BOSTON (CN) – Another black professor at Harvard claims Cambridge police arrested him on bogus charges. Neurologist Samuel Counter, 62, a Harvard professor for 35 years, says six officers arrested him in his home, 3 years ago, on a false report that he had tried to push his daughter out of a moving car.
In his pro se federal complaint, Counter says he was arguing with one of his daughters about her high school grades as he drove her home on Dec. 18, 2006. He claims his daughter demanded he stop the car so she could walk home, and he did stop, two blocks from his house, but she calmed down and he drove her the rest of the way home.
He says a neighbor “subsequently called the police and reported that Mr. Counter had tried pushing Ms. Counter out of his car while it was moving.”
Counter says the report was false, but at 8:30 that night, six officers came to his home, handcuffed him and arrested him.
“Mr. Counter was then taken to the Cambridge Police Headquarters where he was placed in a cell and he was later charged with domestic assault and battery,” according to the complaint.
The complaint adds: “On Dec. 27, 2006, Mr. Counter received a letter from the Department of Children and Families (‘DCF’) informing him that the complaint of child abuse/neglect stemming from the alleged incident and filed against him had not been supported by reasonable cause. Officer [William] Macedo had informed DCF that he had ‘some concerns that mother may be behind the report being filed’ and was ‘unclear as to the situation involving the motor vehicle.'”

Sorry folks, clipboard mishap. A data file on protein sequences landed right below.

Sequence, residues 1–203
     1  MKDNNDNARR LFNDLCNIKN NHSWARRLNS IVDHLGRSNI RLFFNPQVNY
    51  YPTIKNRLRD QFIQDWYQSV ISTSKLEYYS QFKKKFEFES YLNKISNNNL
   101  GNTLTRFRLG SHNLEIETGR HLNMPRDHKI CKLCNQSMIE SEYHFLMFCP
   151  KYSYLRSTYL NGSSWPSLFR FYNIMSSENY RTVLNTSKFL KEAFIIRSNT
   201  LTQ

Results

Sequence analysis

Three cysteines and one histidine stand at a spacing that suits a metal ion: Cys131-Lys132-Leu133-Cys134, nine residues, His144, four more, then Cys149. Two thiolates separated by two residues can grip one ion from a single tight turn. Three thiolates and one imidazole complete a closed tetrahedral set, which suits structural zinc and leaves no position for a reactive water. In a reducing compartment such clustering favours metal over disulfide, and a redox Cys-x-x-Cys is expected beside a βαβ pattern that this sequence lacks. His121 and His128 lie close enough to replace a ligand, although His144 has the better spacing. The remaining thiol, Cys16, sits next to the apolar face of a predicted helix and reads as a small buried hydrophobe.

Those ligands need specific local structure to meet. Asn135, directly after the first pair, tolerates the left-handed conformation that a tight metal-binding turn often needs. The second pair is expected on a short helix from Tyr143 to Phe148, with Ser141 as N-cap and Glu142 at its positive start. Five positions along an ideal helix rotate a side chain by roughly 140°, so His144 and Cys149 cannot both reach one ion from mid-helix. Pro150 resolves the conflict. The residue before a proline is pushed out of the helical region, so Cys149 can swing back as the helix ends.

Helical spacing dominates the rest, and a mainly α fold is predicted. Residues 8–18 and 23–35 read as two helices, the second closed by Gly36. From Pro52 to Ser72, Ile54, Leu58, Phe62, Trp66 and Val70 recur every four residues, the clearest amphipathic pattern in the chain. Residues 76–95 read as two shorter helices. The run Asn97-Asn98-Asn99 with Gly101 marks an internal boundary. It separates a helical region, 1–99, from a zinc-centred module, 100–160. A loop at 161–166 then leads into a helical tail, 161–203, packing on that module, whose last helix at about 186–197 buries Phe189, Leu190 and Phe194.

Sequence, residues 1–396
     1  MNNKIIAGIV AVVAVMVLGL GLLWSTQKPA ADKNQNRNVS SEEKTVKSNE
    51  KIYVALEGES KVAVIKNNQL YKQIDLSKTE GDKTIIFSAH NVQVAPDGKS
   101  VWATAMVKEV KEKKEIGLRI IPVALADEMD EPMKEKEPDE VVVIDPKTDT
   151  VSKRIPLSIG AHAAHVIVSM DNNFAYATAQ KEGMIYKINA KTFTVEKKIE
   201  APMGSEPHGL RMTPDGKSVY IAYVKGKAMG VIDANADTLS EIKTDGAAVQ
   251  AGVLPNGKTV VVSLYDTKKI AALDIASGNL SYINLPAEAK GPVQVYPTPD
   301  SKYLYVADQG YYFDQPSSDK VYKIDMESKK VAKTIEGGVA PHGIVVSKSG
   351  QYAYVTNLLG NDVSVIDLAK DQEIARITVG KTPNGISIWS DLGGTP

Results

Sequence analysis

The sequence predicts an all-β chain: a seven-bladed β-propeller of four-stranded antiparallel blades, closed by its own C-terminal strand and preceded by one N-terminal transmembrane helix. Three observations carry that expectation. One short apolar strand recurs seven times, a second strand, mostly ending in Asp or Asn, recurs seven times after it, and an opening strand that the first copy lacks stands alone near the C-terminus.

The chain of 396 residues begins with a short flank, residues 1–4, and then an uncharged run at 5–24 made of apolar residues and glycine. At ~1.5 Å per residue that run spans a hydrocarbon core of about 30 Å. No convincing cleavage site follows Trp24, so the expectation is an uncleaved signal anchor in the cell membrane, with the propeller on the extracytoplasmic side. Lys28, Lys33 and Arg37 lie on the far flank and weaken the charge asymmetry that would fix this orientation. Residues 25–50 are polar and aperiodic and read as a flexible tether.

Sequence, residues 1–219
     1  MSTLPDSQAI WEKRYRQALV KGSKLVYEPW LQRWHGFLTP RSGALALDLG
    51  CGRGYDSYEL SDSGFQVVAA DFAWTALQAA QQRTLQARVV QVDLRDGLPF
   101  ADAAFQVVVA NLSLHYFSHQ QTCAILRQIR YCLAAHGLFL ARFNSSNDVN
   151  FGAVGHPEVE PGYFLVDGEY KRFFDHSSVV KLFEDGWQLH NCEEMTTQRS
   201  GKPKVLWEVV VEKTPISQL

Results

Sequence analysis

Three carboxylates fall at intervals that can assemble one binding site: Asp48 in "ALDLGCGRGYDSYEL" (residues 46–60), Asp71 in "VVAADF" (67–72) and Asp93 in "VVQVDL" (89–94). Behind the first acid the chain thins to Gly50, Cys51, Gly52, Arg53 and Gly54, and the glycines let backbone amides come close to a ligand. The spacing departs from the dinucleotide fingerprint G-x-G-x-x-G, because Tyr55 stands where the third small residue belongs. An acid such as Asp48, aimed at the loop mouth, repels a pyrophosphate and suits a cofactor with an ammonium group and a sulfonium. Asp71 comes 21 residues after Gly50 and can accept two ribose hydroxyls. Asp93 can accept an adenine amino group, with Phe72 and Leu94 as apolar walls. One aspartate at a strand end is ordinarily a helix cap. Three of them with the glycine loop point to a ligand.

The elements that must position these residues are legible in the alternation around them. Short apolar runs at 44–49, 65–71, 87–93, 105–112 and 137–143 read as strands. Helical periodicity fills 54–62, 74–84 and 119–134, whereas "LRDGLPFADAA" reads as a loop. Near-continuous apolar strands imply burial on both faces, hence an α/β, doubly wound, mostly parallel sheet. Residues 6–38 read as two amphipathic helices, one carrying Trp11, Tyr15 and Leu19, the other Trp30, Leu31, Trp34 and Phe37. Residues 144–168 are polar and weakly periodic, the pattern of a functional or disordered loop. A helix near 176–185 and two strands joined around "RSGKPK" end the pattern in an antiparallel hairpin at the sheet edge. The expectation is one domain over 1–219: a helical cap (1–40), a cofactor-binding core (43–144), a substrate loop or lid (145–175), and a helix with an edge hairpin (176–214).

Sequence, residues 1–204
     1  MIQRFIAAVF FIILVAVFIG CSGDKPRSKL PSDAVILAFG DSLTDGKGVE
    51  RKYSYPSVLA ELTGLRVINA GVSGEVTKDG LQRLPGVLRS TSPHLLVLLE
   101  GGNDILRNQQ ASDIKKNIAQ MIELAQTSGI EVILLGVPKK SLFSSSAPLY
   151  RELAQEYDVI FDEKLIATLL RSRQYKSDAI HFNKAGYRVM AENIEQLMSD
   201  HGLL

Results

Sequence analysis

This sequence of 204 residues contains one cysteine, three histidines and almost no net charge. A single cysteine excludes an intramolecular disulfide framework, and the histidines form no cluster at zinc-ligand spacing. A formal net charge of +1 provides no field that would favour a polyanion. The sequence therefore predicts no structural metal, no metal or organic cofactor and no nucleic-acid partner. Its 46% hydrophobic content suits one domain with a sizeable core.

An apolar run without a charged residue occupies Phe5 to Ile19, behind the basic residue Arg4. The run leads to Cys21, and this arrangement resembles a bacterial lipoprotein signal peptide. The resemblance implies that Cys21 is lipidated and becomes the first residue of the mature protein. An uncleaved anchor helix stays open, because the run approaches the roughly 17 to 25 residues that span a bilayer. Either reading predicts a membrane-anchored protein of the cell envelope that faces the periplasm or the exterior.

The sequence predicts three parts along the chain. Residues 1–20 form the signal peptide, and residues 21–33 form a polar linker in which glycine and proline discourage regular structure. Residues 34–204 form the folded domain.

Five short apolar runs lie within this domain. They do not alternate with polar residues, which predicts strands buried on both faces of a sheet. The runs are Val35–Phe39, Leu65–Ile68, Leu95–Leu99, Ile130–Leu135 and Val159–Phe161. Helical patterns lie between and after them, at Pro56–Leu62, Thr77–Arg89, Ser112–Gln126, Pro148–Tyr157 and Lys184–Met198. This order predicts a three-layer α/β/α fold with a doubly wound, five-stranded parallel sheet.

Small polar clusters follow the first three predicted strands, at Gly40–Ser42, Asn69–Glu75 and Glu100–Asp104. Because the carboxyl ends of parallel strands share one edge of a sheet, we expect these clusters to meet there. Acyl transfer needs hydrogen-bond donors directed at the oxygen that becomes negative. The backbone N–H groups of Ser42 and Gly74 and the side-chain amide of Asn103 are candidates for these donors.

Counter and the mother of the child are divorced. He claims at least one Cambridge Police officer bears a grudge against him for his previous complaints of police harassment.
Counter seeks damages for false imprisonment, malicious prosecution and civil rights violations. His complaint does not indicate why he waited 3 years to file suit.
He names as defendants Cambridge City Manager Robert Healy, Officer Macedo, and Cambridge Police Sgt. John Fulkerson, who allegedly bore the grudge.
Allegations of racism in the Cambridge Police made national news this summer after Harvard professor Henry Louis Gates Jr. claimed he was falsely arrested in his own house. The brouhaha led to the famous “Beer summit” at the White House, with Gates, the arresting office and President Obama.